Following my article last week about the first landing of the Air France A380 here in Johannesburg, I thought I’d give you the heads-up about the ongoing challenge for ‘supremacy’ which the world foremost aircraft manufacturer Airbus is facing.
Airbus has 54 per cent of the worldwide market share of 100 seater, or more, aircraft, this due to the fact that they have had 500 deliveries in the past and 310 standing orders still to be completed.
Airbus was formed in 1969 and by 2005 had reached more than 50 per cent of worldwide deliveries. 30 years is a long time to gauge success after its inception but it has bypassed its main competitor in terms of sales.
In 2009 Airbus delivered 498 aircraft which was 15 more than in the previous year. This means that these latest figures are a new company record. In fact the recent orders for the A350 XWB have pushed it over the 500th order milestone
The recent set back of Airbus’s Military prototype the A400M Airlifter, which suffered from serious budget over-runs as well as production problems with respect to its engine manufacture, the maiden flight took place in December 2009, has done nothing to dampen the aforementioned statistics, especially not in the light of the delivery of its 6000th aircraft – produced over the 40 years of the airframe manufacturers history - which was a Emirates A380, Emirates 8th A380. There are another 58 aircraft of this type on order making Emirates the single largest customer for the A380.
The Executive Vice President, Emirates’ Engineering and Operations, Adel Al Redha stated: “The A380 represents the future of air travel and our strength and determination to drive forward, alongside Airbus, to meet our ambitious expansion plans and traffic demand…” An indication, if not confirmation, I believe, of the faith placed in Airbus and their production capabilities.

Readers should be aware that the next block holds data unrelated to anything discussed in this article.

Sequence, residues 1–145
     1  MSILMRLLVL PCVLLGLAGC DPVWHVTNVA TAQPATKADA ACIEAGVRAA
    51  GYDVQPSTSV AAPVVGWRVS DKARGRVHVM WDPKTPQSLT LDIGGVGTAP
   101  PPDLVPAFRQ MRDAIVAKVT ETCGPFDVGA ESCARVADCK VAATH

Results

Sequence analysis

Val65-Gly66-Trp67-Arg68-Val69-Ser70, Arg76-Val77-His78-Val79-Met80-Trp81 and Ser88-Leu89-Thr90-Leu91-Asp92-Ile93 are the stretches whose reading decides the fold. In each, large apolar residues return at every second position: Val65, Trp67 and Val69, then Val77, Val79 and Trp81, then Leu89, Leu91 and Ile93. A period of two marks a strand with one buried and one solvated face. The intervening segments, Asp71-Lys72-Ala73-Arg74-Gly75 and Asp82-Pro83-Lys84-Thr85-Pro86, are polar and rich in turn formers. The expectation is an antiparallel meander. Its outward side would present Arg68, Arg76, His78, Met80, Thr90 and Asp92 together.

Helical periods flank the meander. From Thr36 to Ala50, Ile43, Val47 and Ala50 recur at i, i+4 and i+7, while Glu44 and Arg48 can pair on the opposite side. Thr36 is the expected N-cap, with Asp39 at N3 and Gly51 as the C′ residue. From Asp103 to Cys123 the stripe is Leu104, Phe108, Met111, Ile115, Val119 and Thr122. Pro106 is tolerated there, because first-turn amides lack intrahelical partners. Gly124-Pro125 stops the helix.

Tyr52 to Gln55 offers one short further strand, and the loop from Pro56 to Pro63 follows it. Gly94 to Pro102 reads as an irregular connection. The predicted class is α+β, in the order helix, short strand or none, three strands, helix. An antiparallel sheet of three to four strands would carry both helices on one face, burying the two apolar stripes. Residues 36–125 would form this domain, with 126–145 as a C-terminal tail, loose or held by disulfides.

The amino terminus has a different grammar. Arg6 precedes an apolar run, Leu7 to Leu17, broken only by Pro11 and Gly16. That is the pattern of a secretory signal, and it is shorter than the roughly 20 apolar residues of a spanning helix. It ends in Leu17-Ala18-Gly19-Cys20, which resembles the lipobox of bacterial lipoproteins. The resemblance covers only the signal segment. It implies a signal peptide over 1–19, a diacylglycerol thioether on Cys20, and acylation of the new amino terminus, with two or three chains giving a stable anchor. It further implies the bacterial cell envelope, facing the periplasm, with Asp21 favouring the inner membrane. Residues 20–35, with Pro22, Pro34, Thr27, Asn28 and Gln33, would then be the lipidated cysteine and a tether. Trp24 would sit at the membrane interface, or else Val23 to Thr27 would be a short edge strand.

The A330 Multi Role Tanker Transporter (MRTT) a project for the Royal Australian Air Force (RAAF) was a conversion to tanker role and successfully refuelled a Boeing E-3F AWACS airborne early warning aircraft and passed this trial with flying colours. Delivery is due to take place towards the middle of the year. The A330 MRTT can also be used as a pure transporter which can easily be converted for Medical Evacuation (MEDEVAC) purposes.
The figures alluding to Airbus’s success include the delivery and/ or order of, 402 A320’s, 86 A330/340’s, further new orders amount to 228 A320’s, 78 A330/340/350’s.
The A350 XWB is the next generation Airbus, which is the rival for the Boeing 787 project.
The 787 project has just now completed its initial airworthiness tests. Which aircraft will go into production first is anyones guess?
At the end of 2009 the total order backlog for Airbus was 3, 488 aircraft whose value amounts to some $(US) 437 Billion, this is the equivalent of 6 production years.
What has really boosted Airbus and perhaps turned the focus on the Company’s performance is the A380, which granted, was not free of headaches and heartache and was at some stage threatening the very existence of Airbus but the proverb goes ‘What doesn’t kill you makes you stronger’ and it is this writers opinion that Airbus is, as I write, the world’s leader in terms of sales amounting to about half the available market share.
Have a safe flying day
This article was submitted by resident aviation news editor Costa Vranas.